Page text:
This Orange Tulip Conspiracy debut, the first solo album / side project from Estradasphere guitarist Jason Schimmel, has been available for a little while. However, with the recent availability of its MP3s on Amazon and the little exposure it has received, it warrants a spot in this week’s list. Schimmel is an immense talent, and his far-reaching compositional skills help make Estradasphere the mind-blowing classical/Gypsy/metal/cinematic fusion that it is. This album leans more on traditional jazz parts, metal riffs, and psychedelic jam sounds, and it comes highly, highly recommended.
Hailing from Gothenburg, Swedish metal group Burst strays from the city’s well-known black-metal sound. Like previous works, Lazarus Bird worms its way through much of the rock spectrum, alternating between palm-muted chugging, pretty clean-channel melodies, and high-string metal squeals. The harmonized reverb-heavy ending to “Cripple God” is awesome (listen below).
John Zorn: Filmworks XX: Sholem Aleichem (Tzadik)
When does legendary experimental composer John Zorn get a chance to sleep? His latest release, the 20th in his Filmworks series, is a disc of gorgeous songs often infused with Eastern European style. Featuring talented harpist Carol Emanuel, accordionist Rob Burger, and the Masada String Trio, the album acts as a soundtrack for a documentary on 19th-century Jewish writer Sholem Aleichem.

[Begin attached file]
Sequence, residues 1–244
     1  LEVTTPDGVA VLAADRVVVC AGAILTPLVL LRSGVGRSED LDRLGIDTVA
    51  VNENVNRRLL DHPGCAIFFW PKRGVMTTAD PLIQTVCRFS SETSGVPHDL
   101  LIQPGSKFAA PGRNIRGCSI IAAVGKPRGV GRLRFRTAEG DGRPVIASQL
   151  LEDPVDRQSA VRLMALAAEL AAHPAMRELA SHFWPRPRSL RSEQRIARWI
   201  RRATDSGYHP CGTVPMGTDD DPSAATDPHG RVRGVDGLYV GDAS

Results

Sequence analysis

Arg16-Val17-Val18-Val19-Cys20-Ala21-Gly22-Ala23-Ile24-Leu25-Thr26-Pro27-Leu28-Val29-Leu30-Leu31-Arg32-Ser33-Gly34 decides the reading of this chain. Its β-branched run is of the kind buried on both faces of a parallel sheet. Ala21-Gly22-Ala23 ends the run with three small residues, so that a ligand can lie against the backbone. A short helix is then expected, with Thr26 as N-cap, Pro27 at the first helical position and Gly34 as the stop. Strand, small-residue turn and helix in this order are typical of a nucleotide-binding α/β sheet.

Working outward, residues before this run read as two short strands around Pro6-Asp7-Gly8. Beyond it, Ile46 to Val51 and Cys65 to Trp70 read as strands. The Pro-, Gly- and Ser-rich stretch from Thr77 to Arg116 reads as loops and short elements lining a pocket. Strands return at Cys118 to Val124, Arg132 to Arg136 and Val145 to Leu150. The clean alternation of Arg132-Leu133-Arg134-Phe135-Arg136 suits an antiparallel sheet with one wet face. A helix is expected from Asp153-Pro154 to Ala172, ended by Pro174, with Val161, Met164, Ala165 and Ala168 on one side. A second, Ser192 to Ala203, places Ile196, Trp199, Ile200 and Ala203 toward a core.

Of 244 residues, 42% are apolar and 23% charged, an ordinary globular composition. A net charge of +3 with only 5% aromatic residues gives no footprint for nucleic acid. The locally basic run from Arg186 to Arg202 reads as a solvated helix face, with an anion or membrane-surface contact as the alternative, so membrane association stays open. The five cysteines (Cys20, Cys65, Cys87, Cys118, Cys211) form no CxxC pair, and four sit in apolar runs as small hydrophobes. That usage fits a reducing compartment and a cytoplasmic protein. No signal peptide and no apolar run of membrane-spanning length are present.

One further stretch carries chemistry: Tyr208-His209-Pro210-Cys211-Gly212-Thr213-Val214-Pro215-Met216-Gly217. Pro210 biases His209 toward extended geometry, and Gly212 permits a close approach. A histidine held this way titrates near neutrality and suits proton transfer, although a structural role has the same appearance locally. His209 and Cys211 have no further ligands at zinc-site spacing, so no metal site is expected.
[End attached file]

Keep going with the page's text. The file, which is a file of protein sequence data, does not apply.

Soundgarden: Badmotorfinger [ecopak] (A&M)
Do you remember how great the big riff on “Jesus Christ Pose” is? If you’re under the age of 20, chances are that you don’t. Problem solved: a re-release of Badmotorfinger came out this week. Chock full of sweet fret work from guitarist Kim Thayil and ridiculously high-pitched screams from front man Chris Cornell, Badmotorfinger rivals Superunknown as Soundgarden’s most seminal work. If you’re uninitiated to this album, pick it up.
The brain child of jazz guitarist and songwriter Matt White, Fight the Big Bull is equal parts a compelling standalone venture and homage to legends of the genre. The four songs on Dying Will Be Easy were composed and arranged by White, but his instrument typically isn’t the focus as influences from Duke Ellington and Charles Mingus come through. The distorted brass slide on the opening and title track steals the early spotlight, and the rest of the brass and woodwind section — more than half of the nonet — carries the load for much of the remainder.